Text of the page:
Engine Install and Firing - 410 Sprint Car Build
This is it. If you’ve been following along with our sprint car build in partnership with the National Sprint Car Hall of Fame, you’ve seen this car go from a stack of tubing at EMi to a fully assembled roller. You’ve also seen a screaming 950 horsepower 410 go together at Speedway Motors Racing Engines. This is the moment when it all comes together.
When the Hall of Fame delivered the car to our shop, it was like seeing an old friend. After they picked it up over a year ago, it spent its time travelled to tracks all over the country to promote the Hall of Fame and show off their raffle prize. We’re pleased to report that they sold out of tickets, and by the time you read this the car will be on its way to the lucky winner.
But we have to put it together first. We started by removing most of the body panels to allow access to all the pieces that would need to be connected to the engine. Jason Martin knows his way around a sprint car, so he came by to help us with the install. The car was pretty complete, but missing a few details like the throttle linkage and some plumbing forward of the firewall. After a few deliveries from the Speedway Motors parts counter, we were off and running.
We removed the lines from the injector nozzles in the cylinder heads to make it easier to fit the wide 410 into the chassis. We’ve found that the Crow Engine Lift Sling works well for engines like this. With the sling bolted to the center header bolt holes on both sides, we lifted the engine into place. Getting the splines on the u-joint aligned with the driveshaft can be tricky. Typically, rocking the car will rotate the tires, rearend, and driveshaft enough to allow the splines to engage. Since we didn’t have the spur gears installed in the quickchange yet, Jason loosened the torque tube and slid it back, allowing access to the splines on the shaft. With the dowel pins engaged, Jason rotated the power steering spud to align with the drive spud on the back of the camshaft.
With the engine installed, our next move was to hang the Schoenfeld headers. These headers are designed to eliminate over 200 degrees of bend, freeing up some horsepower over a conventional design. We special ordered the coated versions for this car, but we keep the uncoated versions on the shelf. We also hooked up the lines to the Auto Meter oil pressure and water temp gauges. Then came the throttle linkage, K&N airbox, and Afco double-pass radiator.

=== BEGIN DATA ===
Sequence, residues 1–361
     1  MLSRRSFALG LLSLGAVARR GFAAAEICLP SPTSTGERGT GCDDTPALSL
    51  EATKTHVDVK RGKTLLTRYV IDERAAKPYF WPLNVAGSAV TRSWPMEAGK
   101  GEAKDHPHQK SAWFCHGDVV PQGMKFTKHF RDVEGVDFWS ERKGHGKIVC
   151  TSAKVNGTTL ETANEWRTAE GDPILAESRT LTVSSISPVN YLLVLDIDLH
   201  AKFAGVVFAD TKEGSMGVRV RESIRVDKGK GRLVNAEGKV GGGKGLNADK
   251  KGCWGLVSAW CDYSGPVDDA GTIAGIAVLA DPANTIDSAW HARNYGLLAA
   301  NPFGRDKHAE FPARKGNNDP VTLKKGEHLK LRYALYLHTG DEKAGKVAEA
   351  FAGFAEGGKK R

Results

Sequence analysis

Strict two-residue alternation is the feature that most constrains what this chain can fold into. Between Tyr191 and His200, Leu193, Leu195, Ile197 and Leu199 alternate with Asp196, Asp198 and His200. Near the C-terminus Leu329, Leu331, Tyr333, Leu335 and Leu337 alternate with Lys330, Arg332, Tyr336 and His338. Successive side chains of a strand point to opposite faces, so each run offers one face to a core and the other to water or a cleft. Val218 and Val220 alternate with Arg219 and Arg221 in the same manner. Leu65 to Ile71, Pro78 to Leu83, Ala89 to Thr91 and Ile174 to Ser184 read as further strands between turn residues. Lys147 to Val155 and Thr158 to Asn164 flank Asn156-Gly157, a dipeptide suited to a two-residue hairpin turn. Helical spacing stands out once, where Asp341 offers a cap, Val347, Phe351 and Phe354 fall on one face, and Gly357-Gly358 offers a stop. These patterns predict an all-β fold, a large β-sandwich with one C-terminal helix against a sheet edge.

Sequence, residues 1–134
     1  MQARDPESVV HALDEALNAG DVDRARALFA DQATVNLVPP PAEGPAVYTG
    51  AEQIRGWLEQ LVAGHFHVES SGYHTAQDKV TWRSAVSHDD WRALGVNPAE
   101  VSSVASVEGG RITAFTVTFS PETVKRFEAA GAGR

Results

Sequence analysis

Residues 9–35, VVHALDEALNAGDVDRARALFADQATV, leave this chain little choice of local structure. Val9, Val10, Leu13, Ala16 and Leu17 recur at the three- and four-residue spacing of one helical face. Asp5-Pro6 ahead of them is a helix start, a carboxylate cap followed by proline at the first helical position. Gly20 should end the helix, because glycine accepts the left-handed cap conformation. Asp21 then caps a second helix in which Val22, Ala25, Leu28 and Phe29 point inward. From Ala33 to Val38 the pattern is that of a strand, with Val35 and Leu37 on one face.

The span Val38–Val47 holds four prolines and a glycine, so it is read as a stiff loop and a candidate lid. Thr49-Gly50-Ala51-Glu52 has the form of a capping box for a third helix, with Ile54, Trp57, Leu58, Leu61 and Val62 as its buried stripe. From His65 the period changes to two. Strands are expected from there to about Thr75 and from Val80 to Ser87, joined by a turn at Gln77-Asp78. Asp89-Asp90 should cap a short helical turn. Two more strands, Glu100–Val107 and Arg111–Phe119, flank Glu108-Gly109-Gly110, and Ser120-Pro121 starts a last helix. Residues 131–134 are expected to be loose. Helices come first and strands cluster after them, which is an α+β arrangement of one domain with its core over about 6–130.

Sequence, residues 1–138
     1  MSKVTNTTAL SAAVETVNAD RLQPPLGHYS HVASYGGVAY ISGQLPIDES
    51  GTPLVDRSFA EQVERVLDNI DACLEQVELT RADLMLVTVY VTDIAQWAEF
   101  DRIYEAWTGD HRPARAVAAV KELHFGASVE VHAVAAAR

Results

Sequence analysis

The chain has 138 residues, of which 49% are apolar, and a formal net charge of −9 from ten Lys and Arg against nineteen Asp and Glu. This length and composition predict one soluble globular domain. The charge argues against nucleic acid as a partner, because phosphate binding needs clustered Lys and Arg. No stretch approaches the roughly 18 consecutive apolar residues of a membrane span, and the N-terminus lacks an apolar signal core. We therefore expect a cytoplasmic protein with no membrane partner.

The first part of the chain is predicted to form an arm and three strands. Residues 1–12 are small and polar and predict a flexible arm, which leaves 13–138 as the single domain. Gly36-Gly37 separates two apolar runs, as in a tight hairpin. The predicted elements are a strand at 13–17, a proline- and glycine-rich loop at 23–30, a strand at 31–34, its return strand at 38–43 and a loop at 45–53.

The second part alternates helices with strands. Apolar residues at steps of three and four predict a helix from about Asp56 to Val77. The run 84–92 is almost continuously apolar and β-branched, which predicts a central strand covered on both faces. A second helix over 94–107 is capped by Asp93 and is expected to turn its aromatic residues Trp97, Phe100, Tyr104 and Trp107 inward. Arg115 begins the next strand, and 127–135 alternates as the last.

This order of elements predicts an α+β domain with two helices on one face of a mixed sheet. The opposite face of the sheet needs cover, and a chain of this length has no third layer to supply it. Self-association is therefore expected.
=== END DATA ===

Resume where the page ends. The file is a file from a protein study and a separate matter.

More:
When we were finally ready to make some noise, we pushed the car outside into a 20-degree Nebraska winter day to fire it up. Using the Bert starter here really made things easy. Pushing a sprint car off in a snowy parking lot might have been fun, but it would have been significantly more difficult. Because the 410 has a 17:1 compression ratio, we used a big deep-cycle battery hooked to a charger to make sure there would be enough juice.
After a few cranks, the big engine roared to life. As you heard in the last episode, the 410 really sings at 8000 rpm on the dyno, but it also sounds pretty mean at idle in the car without the dyno holding it back. The combination of huge compression, big duration, and a Kinsler injector through open headers makes for one of the best sounding idles in all of racing. After looking things over to make sure there were no leaks or other issues, we all took a minute to enjoy the experience. Our hard work had paid off, and there was a ready to race sprint car crackling, loping, and lurching in front of us.
We would have loved to crack the throttle open and hear it rev. But, after about 10 minutes of running, the gauge still showed no water temperature. Unwilling to chance any damage to a cold aluminum engine, we reluctantly killed the mag and shut it down. This will make a great race car for the lucky winner.
Before we loaded the car up and said goodbye, we drained the methanol and lubricated the fuel system. Stay tuned for a Tech Talk here in the Toolbox to show that procedure.
Building a sprint car from raw materials to ready to race has been a very rewarding experience. We want to thank all the vendors who participated with parts and expertise, our own sprint car experts here at Speedway Motors for their knowledge and careful assembly, and the National Sprint Car Hall of Fame for making it all possible.
Products Featured in this Article
Bert Transmission SPC-STR Sprint Car Starter, 12 VoltView$1,523.99Compare